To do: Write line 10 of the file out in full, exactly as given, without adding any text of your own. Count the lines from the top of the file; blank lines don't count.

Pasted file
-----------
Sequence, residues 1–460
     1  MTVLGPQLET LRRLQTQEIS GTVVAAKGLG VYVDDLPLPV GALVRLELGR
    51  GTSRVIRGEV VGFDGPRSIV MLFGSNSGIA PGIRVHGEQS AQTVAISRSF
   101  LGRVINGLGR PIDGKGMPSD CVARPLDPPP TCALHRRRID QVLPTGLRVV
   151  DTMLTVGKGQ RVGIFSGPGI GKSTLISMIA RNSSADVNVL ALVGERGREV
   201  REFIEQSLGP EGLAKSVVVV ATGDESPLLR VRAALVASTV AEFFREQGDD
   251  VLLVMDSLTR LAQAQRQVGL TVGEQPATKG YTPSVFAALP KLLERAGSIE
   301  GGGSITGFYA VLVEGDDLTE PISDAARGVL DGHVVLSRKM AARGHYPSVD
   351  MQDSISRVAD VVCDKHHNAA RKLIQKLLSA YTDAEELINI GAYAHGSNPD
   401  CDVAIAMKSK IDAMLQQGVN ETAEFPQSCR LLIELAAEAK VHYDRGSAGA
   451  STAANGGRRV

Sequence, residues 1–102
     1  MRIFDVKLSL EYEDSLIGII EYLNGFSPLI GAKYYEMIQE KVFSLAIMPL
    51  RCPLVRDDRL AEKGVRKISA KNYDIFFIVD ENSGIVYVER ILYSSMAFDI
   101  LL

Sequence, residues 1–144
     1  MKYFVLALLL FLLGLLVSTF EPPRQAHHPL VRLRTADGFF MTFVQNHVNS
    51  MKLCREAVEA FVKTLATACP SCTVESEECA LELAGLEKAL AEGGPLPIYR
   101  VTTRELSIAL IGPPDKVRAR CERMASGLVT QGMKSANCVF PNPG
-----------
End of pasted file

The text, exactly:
   401  CDVAIAMKSK IDAMLQQGVN ETAEFPQSCR LLIELAAEAK VHYDRGSAGA